Even though the world gets more tolerant towards the LGBT community, there are still destinations around the globe that punish homosexuality. The issues here is that many places are not obviously homophobic by law, but the reality can be different and the community is very disapproved of homosexuality. But whilst there are many homophobic countries, there are also many agencies that promote with gay friendly travel. However, it is not always carried out appropriately.
homophobia, gay travel, queer travel, homophobic destinations, gay marketing
Just like everyone else, lesbians and gay men have travelled the world. It goes without saying that in earlier years there were more challenges for them in form of being nearly invisible and especially by hiding their sexuality and relationship.
In the past few years, in many different countries around the globe there have been social, political and cultural changes that open travel options for many more members of the LGBT community. They no longer have to hide their sexuality whilst visiting new places, make friends and discover new destinations. Despite the fact that these changes have taken or are taking place, LGBT members are still stigmatised and very cautious especially in destinations with higher risk in Middle East, Africa and parts of Asia.
However, today’s world has shown many acts of gay-friendliness: In Argentina, the country’s leader enthusiastically cheered when her country released the first same-sex marriage law in South America. A lesbian proudly serves as the head of government in Iceland, an openly gay man serves in the parliament in Nepal and an African country enacts a new constitution that not only eliminates apartheid, but also offers marriage and full civil rights to same-sex couples in South Africa. These and other societies are examples for all those who are promoting, celebrating and profiting from LGBT tourism nowadays.
But is this only marketing used in the travel industry to attract more customers? And how safe is it for LGBTs to travel to countries that are known as homophobic? Also, which challenges lay ahead of gay travellers?
Gay travellers are often identified as white or Causasian, well-educated, young, wealthy or middle class and live in urban areas without children (Vorobjovas-Pinta and Hardy, 2015). On the other hand, several authors and researchers have found that this stereotyping and generalisation of LGBT travellers is problematic and resulted in the homogeneous perception of the gay travel market (Branchik, 2002; Vorobjovas-Pinta and Hardy, 2015). It was also claimed that the gay market is not homogeneous and that it is actually very divers and shares characteristics (Branchik, 2002). Socio-demographics such as ethnicity, age, income and education have been widely used in tourism research to profile travellers and distinguish differences in them. Nonetheless, only little research has examined the distinction amongst LGBT travellers, and researchers suggest to examine more the diversity within the LGBT travel market (Branchik, 2002; Vorobjovas-Pinta and Hardy, 2015).
Vorobjovas-Pinta and Hardy (2015) outline that two major motivations for gay travellers are the sense of belonging and a desire of freedom. Regarding this two motivations, the research considers two main factors of sexual orientation identities, which are openness with sexual orientations and collective self-esteem to explore their relation to gay travellers’ travel psychographics.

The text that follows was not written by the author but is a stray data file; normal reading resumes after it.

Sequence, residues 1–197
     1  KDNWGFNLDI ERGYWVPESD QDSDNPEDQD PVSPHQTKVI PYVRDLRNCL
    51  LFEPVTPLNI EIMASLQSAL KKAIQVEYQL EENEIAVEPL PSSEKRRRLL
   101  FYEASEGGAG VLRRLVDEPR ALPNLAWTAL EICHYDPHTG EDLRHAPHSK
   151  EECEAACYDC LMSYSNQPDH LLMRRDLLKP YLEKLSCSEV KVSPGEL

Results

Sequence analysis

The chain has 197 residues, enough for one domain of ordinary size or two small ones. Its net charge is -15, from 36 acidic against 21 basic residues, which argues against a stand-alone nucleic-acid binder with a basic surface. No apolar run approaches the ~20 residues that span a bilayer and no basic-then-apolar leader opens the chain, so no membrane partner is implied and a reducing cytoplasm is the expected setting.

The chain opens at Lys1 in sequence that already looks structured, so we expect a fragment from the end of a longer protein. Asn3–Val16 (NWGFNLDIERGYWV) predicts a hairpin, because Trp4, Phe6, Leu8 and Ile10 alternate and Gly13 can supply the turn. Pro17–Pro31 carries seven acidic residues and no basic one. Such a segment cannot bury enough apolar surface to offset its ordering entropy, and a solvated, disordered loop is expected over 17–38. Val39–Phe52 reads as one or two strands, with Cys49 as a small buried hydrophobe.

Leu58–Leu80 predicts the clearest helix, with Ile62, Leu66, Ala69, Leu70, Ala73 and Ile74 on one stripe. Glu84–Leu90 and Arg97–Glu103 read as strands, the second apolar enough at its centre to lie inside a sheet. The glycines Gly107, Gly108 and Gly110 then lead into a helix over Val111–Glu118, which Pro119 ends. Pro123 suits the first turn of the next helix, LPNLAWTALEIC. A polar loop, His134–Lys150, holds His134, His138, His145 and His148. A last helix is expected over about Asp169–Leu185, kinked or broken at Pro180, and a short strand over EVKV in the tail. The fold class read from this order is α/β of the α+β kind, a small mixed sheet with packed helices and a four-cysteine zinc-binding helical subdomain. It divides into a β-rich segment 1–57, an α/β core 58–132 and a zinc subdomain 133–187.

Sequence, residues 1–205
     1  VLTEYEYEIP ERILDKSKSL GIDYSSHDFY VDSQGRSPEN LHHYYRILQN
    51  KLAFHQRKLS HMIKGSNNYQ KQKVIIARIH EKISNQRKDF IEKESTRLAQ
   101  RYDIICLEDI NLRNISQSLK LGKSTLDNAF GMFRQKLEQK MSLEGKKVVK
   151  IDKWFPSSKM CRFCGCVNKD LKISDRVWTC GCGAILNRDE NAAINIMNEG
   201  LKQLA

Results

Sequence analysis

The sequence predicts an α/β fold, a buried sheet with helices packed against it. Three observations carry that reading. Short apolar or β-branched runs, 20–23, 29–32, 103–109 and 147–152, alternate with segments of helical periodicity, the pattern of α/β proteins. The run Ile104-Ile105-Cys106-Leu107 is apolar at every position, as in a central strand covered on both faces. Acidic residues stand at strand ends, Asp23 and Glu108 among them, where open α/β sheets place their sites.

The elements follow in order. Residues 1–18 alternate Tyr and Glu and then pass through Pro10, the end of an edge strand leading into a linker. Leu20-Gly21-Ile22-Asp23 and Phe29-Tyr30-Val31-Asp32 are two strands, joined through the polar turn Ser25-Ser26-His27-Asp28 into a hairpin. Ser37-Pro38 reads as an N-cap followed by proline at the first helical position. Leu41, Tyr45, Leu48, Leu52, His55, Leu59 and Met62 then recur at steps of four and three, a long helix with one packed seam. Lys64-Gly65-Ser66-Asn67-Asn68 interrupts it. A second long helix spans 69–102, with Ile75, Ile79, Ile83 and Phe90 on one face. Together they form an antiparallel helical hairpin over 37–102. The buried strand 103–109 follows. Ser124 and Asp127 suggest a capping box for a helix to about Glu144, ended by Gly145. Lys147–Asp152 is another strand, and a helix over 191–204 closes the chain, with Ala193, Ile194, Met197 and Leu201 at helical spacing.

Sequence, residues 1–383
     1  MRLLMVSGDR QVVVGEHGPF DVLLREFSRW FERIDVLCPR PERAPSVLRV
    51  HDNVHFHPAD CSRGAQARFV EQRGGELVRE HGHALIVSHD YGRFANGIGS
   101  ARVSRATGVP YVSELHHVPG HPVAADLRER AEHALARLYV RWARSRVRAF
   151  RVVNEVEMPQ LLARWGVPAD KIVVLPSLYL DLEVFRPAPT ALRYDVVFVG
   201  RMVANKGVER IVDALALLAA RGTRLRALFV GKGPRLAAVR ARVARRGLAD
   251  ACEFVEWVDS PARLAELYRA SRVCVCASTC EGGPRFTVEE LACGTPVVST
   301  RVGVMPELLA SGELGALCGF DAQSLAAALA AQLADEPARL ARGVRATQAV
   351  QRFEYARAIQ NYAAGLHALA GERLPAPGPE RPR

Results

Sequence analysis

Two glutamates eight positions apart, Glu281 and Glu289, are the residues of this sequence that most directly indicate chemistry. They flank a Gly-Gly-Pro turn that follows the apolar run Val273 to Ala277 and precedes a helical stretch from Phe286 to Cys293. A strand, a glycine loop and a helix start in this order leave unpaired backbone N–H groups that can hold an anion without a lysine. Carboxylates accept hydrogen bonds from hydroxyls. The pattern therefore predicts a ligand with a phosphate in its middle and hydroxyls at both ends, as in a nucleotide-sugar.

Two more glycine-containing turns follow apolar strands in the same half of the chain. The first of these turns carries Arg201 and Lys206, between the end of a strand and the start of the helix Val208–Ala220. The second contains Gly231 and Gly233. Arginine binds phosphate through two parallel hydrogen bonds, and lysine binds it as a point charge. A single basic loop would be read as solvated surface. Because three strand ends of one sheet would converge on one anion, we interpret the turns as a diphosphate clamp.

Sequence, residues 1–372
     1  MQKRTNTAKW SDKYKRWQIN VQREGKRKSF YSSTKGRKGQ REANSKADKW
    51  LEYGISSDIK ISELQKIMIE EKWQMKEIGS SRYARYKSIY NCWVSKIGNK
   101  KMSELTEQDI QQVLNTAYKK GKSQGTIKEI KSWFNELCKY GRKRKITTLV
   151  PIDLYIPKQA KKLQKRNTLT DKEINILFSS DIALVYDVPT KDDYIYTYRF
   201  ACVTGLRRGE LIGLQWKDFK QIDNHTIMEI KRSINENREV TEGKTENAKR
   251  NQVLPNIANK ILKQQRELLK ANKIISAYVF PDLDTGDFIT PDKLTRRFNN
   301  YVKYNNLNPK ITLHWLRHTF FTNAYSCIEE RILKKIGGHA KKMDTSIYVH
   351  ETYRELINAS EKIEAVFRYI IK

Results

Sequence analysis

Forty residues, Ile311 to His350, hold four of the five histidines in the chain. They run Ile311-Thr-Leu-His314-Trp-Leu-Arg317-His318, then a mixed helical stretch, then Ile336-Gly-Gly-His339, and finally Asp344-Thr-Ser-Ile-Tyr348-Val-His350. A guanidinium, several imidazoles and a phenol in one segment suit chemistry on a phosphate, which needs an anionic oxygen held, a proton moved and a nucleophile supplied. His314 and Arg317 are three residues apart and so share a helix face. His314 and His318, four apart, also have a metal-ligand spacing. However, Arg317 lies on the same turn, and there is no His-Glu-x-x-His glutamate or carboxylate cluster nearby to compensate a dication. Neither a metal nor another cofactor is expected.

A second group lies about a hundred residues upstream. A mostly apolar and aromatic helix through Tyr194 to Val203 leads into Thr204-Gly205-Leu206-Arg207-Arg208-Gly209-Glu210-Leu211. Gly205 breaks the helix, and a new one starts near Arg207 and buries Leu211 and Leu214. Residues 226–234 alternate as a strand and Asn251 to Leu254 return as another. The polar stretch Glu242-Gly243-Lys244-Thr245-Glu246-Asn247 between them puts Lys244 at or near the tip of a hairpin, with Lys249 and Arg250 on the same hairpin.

One of the biggest challenges for gay travellers definitely is homophobia in many places. The list of destinations that punish homosexuality is filled with Muslim countries. In some Muslim countries, whole towns have nicknames regarding the supposed homosexuality of their inhabitants. Idlib in Syria is one of them, just like Qazvin in Iran. An old joke in Afghanistan is that birds fly over Kandahar with one wing held under their tail to symbolise precaution.
On the other hand it can be not funny at all. In Iran today, anal sex is a capital offence and people are commonly executed for it. In Saudi Arabia, Mauritania, Sudan, and Yemen, sodomy is also punishable by death, however, no executions have been reported for at least for ten years.
Amongst other Muslim countries, the penalty in Algeria, Kuwait, Bahrain, Morocco, Lebanon, Somalia, Oman, Tunisia, Qatar, and Syria is imprisonment, up to 10 years in the case of Bahrain. In those states that have no particular law against homosexuality, gay people may still be punished under other laws. For example in Egypt, a law against “debauchery” is often used.
These laws have a fatal effect on the lives of people who are unlucky enough to get caught but, apart from occasional crackdowns, the authorities do not actively seek out gay people to arrest them. Statistics are rare but the number of arrests is without doubt lower than it was during the British wave of homophobia in the 1950s. In 1952 in England, there were 670 prosecutions for sodomy, 3,087 for attempted sodomy or indecent assault, and 1,686 for gross indecency.
The issue with those laws, even if not regularly enforced, is that they display official disapproval of homosexuality and justify discrimination by individuals at an everyday level (Whittaker, 2016).
Branchik, B.J. (2002) Out in the market: a history of the gay market segment in the United States. Journal of Macromarketing 22(1) 86-97.
Vorobjovas-Pinta, O. and Hardy, A. (2015) The evolution of gay travel research. International Journal of Tourism Research 18(4).
Whittaker, B. (2016) Everything you need to know about being gay in Muslim countries. London: The Guardian. Available from: www.theguardian.com/world/2016/jun/21/gay-lgbt-muslim-countries-middle-east
[Accessed: 9 May 2018]